confirm, or settle the union of Christ in and with us in glory

strengthen, Both our resolve and any area which we were weak will be gone as we are hence completely renewed in glory 

and establish you. that is to place all our focus and being upon the King of Kings, Lord of Lords, the Alpha and Omega. Our only “mission” in Glory will be to glorify the King Revelation 22:1-5


APPLICATION:

We have set forth and established 3 things today:

    1. Christians will suffer on Earth
    2. Christians need to be ready to tell the Gospel Story and their own testimony
    3. God has promised Eternal Glory in Christ to all His called and chosen

 

I asked however to look at applying the 4 components of 1 Peter 5:10 to when we have come out of a difficult experience. Even though Peter is referring to future Glory, remember how you felt complete, confirm, strengthen, and established, fully renewed and invigorated in the Lord after coming through a rough patch? That my friends is your Poor, Poor Pitiful Me song. Your testimony, that needs to be shared when someone asks ‘what has God done for you lately.’  

 

Was Jesus Poor So We Could Be Wealthy?

Another in the Frequently Abused Verses Series

 

In the lead-up to the Truth Matters conference in October, we will be focusing our attention on the sufficiency, authority, and clarity of Scripture. Of our previous blog series, none better embodies that emphasis than Frequently Abused VersesThe following entry from that series originally appeared on April 5, 2017.. -ed. (For other articles in this series just type Frequently Abused Verses into the search bar on the right)

Was Jesus Poor So We Could Be Wealthy?

by Cameron Buettel / Monday, August 12, 2019

The prosperity gospel is neither a small nor isolated error. The fixation with money and material riches pervades the theology of its adherents, corrupting every aspect of their faith and doctrine. It is a comprehensive lie—one that skews the very nature of the gospel itself, distorting even the Person and work of Christ.

In particular, it assaults the nature of Christ’s atoning work on our behalf. Forgiveness of sins and imputed righteousness are of minor importance at best. Instead, prosperity preachers teach a version of the atonement that serves their material interests. And it all hinges on one verse: “For you know the grace of our Lord Jesus Christ, that though He was rich, yet for your sake He became poor, so that you through His poverty might become rich” (2 Corinthians 8:9).

Here’s how TBN televangelist Joseph Prince explains it:

On the cross, Jesus bore the curse of poverty! That is what the Word of God declares: “For you know the grace [unmerited favor] of our Lord Jesus Christ, that though He was rich, yet for your sakes He became poor, that you through His poverty might become rich.” Read 2 Corinthians 8 for yourself. The entire chapter is about money and being a blessing financially to those who are in need. So don’t let anyone tell you that the verse is referring to ‘spiritual’ riches.” [1]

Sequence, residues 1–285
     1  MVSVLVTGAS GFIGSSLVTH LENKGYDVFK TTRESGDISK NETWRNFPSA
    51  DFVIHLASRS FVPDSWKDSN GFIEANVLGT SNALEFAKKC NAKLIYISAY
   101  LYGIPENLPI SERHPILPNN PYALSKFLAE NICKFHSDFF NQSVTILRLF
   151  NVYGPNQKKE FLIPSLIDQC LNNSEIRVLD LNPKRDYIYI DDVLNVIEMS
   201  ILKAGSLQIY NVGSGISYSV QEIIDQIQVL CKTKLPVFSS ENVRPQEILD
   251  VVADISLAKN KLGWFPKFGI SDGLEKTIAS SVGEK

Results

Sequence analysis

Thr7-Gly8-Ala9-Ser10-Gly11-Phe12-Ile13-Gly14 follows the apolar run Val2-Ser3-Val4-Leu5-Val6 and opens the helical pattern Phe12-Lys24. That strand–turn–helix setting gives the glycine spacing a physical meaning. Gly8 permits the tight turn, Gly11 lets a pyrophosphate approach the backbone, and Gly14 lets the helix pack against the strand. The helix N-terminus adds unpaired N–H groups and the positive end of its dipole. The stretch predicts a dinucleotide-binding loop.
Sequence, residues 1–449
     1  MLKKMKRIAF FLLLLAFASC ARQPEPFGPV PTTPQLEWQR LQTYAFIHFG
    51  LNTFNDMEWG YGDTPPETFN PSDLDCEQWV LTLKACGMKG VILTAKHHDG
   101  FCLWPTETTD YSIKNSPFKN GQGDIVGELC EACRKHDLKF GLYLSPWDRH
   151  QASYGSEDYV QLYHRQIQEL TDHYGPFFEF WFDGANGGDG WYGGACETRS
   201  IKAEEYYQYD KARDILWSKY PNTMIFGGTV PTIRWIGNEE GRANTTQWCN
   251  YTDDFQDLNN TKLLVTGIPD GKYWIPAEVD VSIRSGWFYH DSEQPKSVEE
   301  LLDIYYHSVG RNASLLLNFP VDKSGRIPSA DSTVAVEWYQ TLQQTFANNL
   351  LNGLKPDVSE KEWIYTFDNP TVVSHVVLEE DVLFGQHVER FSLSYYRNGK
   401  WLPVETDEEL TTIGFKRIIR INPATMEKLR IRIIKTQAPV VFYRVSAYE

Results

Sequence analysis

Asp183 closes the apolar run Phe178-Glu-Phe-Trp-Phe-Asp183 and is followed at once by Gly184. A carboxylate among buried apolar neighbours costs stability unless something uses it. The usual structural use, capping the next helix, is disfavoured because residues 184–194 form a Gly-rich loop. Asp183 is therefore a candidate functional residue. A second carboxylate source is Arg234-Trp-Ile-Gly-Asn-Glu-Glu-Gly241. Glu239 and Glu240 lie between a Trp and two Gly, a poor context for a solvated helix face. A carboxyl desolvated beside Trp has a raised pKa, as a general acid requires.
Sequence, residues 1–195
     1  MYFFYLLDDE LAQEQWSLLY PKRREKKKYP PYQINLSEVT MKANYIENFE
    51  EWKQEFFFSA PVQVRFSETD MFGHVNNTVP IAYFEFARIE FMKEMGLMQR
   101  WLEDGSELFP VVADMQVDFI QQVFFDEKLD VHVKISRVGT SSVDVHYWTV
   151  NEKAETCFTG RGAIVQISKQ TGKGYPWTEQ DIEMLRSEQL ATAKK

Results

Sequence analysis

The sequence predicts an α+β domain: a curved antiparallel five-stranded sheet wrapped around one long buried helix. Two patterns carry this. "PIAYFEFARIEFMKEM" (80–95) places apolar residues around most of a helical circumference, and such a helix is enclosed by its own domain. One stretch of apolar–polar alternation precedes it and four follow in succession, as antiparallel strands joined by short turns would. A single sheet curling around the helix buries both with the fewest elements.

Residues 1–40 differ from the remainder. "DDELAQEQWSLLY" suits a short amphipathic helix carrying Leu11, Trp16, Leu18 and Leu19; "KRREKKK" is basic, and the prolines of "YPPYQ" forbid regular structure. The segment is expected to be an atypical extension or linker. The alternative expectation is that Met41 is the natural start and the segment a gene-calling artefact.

Prince is partly right—2 Corinthians 8 is about blessing others financially. But his fixation with money forces him to overlook the obvious flaw in his argument—that Paul was exhorting the Corinthians to give for the sake of other Christians in need. Apparently they had not been—as Prince promised his readers—delivered from “the curse of poverty.”

In verse 1 Paul commends the Macedonian Christians for the “wealth of their liberality” that flowed out of their “deep poverty.” Likewise, in verse 7 Paul reminds the Corinthians of their own spiritual riches: “Just as you abound in everything, in faith and utterance and knowledge and in all earnestness and in the love we inspired in you, see that you abound in this gracious [giving] work also.” The Corinthians and Macedonians were wealthy in many ways, just not in the specific way Joseph Prince is.

Phil Pringle, another prosperity preacher and founder of the gigantic C3 Church in Sydney, Australia, leaves no doubt about his interpretation of 2 Corinthians 8:9—going so far as to offer his own paraphrase: “Jesus became poor regarding the wealth of this world on the cross, that those who receive Him may become rich with the wealth of this world.” [2]

Such is the corruption and greed of men like Prince and Pringle, that no subject is off limits in their quest to sanitize and sanctify their perverse love of money. At best, they minimize the forgiveness of sin and the imputation of Christ’s righteousness at the expense of physical health and material wealth. At worst, they do away with the spiritual components of Christ’s atoning work altogether.

That self-absorbed theology collapses under biblical scrutiny. John MacArthur points out the true nature of Christ’s earthly poverty:

This verse is not a commentary on Jesus’ economic status or the material circumstances of His life. . . . The Lord’s true impoverishment did not consist in the lowly circumstances in which He lived but in the reality that “although He existed in the form of God, [He] did not regard equality with God a thing to be grasped, but emptied Himself, taking the form of a bond-servant, and being made in the likeness of men” (Philippians 2:6–7). [3]

Christ was not a wealthy man, but He wasn’t especially poor, either. The poverty He endured was in contrast to the vast heavenly riches He willingly set aside during His incarnation: